VA Family Foundation on State’s Marriage Ban

The Family Foundation, Virginia’s resident anti-gay “pro-family” group, is verklempt over a federal judge overturning that state’s ban on same-sex marriage and they’re making some amusingly absurd arguments about it. Like they think it has something to do with Valentine’s Day.

“The timing of this decision certainly calls into question Judge Wright Allen’s objectivity,” a Friday morning statement from the group stated. “This rushed release just prior to Valentine’s Day reeks of political show, making her ruling less a legal argument and more a press release. It’s disappointing that a federal judge would so blatantly expose her personal political agenda at the expense of not just marriage, but our entire social fabric.”

I love that phrase “social fabric.” What the hell does it mean? I’ve never heard even an attempt to define it. It’s one of those catchphrases that is utterly meaningless. It really means “this is where something meaningful should go, but I don’t have anything meaningful to say so I’ll just throw it in here.”

“Regardless of one’s stance on marriage, the people of Virginia were disenfranchised by this ruling as our voice and our vote that amended our Constitution have been rendered meaningless by a single federal judge with the assistance of our own Attorney General,” the Family Foundation statement read. “Protecting a timeless institution for the well-being of children was the will of the overwhelming majority of Virginians and this ruling denies this important state interest as it places the desires of adults over the outcomes of children.”

This argument that voters are “disenfranchised” when the courts overturn laws that they pass is inane and it shows just how little regard they have for the Constitution they claim to revere. Judicial review with the complete independence of the courts was one of the smartest things the founding fathers put into the Constitution. It’s one of the bedrock principles of the Constitution, designed to prevent the majority from imposing tyrannical laws on everyone else.

And of course, the moment the courts overturn laws that they oppose that argument about disenfranchisement magically disappears. Did you hear the screams of horror over “judicial activism” and the “will of the people” when the Supreme Court overturned DC’s handgun ban? Yeah, I didn’t either.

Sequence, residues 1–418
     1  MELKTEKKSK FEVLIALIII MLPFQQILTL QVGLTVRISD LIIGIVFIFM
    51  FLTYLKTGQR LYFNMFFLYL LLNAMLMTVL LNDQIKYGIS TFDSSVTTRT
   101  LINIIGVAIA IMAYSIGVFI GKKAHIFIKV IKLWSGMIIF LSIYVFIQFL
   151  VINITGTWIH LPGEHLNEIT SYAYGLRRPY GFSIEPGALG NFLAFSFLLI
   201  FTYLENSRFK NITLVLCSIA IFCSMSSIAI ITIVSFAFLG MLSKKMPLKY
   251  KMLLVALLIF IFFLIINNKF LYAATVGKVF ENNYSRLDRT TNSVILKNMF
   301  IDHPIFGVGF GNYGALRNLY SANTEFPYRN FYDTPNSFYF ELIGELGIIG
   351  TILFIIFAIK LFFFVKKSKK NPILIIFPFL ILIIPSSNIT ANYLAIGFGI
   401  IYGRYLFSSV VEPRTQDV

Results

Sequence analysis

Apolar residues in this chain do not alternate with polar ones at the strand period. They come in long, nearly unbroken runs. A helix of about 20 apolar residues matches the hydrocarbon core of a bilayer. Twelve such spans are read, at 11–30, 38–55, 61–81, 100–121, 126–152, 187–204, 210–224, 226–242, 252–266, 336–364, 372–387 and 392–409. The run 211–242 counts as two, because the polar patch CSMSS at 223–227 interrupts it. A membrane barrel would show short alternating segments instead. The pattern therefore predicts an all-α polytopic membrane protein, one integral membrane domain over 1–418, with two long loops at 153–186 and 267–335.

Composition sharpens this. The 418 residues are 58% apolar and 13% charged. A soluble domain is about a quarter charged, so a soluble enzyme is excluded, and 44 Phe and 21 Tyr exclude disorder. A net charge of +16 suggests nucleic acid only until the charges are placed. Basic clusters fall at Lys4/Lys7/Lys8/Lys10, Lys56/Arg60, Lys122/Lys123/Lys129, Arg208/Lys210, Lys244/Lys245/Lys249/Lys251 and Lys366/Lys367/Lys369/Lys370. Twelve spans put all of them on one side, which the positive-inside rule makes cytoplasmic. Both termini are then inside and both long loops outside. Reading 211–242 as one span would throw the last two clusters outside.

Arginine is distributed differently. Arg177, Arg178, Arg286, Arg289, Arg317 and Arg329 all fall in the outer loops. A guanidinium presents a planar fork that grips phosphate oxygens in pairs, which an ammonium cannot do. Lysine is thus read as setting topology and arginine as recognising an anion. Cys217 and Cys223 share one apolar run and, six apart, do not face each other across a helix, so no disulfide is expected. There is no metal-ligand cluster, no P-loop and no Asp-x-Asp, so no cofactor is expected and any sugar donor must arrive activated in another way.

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  • http://howlandbolton.com richardelguru

    “social fabric”

    Surely what you make your party clothes out of?

  • StevoR : Free West Papua, free Tibet, let the Chagossians return!

    verklempt?

  • matty1

    What outcomes for children? Seriously what does gay marriage do to children? I suppose I can see that discovering a parent is gay would have an effect but that is a separate issue. Anyone who is likely to get gay married in the near future probably already has a same sex partner who their family including children know about.

  • http://www.gregory-gadow.net Gregory in Seattle

    I expect that the exact same group would have said the exact same thing after the Loving v. Virginia was handed down. That was the 1968 Supreme Court decision that overturned antimiscegenation laws. Imagine with me….

    “The timing of this decision certainly calls into question the Justices’ objectivity,” a Friday morning statement from the group stated. “This rushed release during June, the traditional month for marriage, reeks of political show, making this ruling less a legal argument and more a press release. It’s disappointing that the Supreme Court would so blatantly expose their personal political agenda at the expense of not just marriage, but our entire social fabric.”

    “Regardless of one’s stance on marriage, the people of Virginia were disenfranchised by this ruling as our voice and our vote that amended our Constitution have been rendered meaningless by a tiny group of federal judges,” the Family Foundation statement read. “Protecting a timeless institution for the well-being of children was the will of the overwhelming majority of Virginians and this ruling denies this important state interest as it places the desires of adults over the outcomes of children.”

    It is pretty scary, how little needs to be changed.

  • doublereed

    Where did you get that Loving v. Virginia quote from?

  • sh3baproject

    they still use social fabric? equality fabric is better.

  • matty1

    Personally I prefer cotton

  • John Pieret

    “Social Fabric” = “the way things used to be when WE could push everyone else … nigg … people of color, sluts women, fags gays, whores of Babylonn Roman Cath-o-licks, etc. … around and get away with it without anyone mentioning the Constitution.

  • http://www.gregory-gadow.net Gregory in Seattle

    @doublereed #5 – Assuming you are asking me, those “quotes” are just modifications of what was quoted from FF’s press release.

  • alanb